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Cardio-pulmonary resuscitation (CPR) is a life-saving intervention for cardiac arrest.

How to do CPR



The Care Quality Commission (CQC) is the independent regulator of all health and social care services in England.

The CQC monitors, inspects and regulates hospitals, GP practices, hospices, care homes and other services including mental health, dental care and the ambulance service.

CQC website


Cerebrospinal fluid (CSF) is a clear, colourless fluid found in the brain and spinal cord.

CSF can be obtained by lumbar puncture (LP). LP can determine intracranial pressure and CSF analysis (colour, cell contents, chemical composition, presence of pathogens) can help to diagnose a number of neurological conditions.



Computerised tomography (CT, as in CT/CAT scan) uses several X-ray images and computer processing to create cross-sectional images of the body.

Radiopaedia - CT


CT pulmonary angiography (CTPA) is a commonly performed diagnostic test to exclude PE (acute or chronic), which uses CT angiography to obtain an image of the pulmonary arteries.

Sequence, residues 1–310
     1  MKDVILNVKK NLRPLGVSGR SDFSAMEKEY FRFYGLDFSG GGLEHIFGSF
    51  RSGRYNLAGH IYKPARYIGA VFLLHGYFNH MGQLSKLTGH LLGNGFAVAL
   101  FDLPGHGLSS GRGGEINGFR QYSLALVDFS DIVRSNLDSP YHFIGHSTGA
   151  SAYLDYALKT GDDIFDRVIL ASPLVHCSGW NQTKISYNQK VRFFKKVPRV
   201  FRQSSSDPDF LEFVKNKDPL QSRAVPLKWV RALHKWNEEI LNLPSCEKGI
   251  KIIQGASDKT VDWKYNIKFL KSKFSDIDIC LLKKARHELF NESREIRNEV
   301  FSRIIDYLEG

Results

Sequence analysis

Radiopaedia - CTPA


Carcinoma of unknown primary (CUP) is a diagnosis for a metastatic cancer (a cancer that has spread) with an unclear site of origin (the original 'primary' cancer is unknown).



Cerebrovascular accident (CVA) is synonymous with stroke.


The Chest X-ray (CXR, more accurately chest radiograph) is a common radiological investigation used to diagnose conditions affecting the lungs and chest.

An erect CXR (a CXR taken when the patient is standing) may be used to confirm diagnosis of bowel perforation.

Radiopaedia - Systematic chest radiograph assessment (approach)



D&V refers to Diarrhoea and Vomiting.


Deep brain stimulation (DBS) is a neurosurgical procedure involving the placement of electrodes and a neurostimulator (colloquially termed a brain pacemaker) in order to deliver electrical impulses to specific brain (nuclei) targets.

DBS is used in the management of movement disorders (such as PD) and epilepsy.

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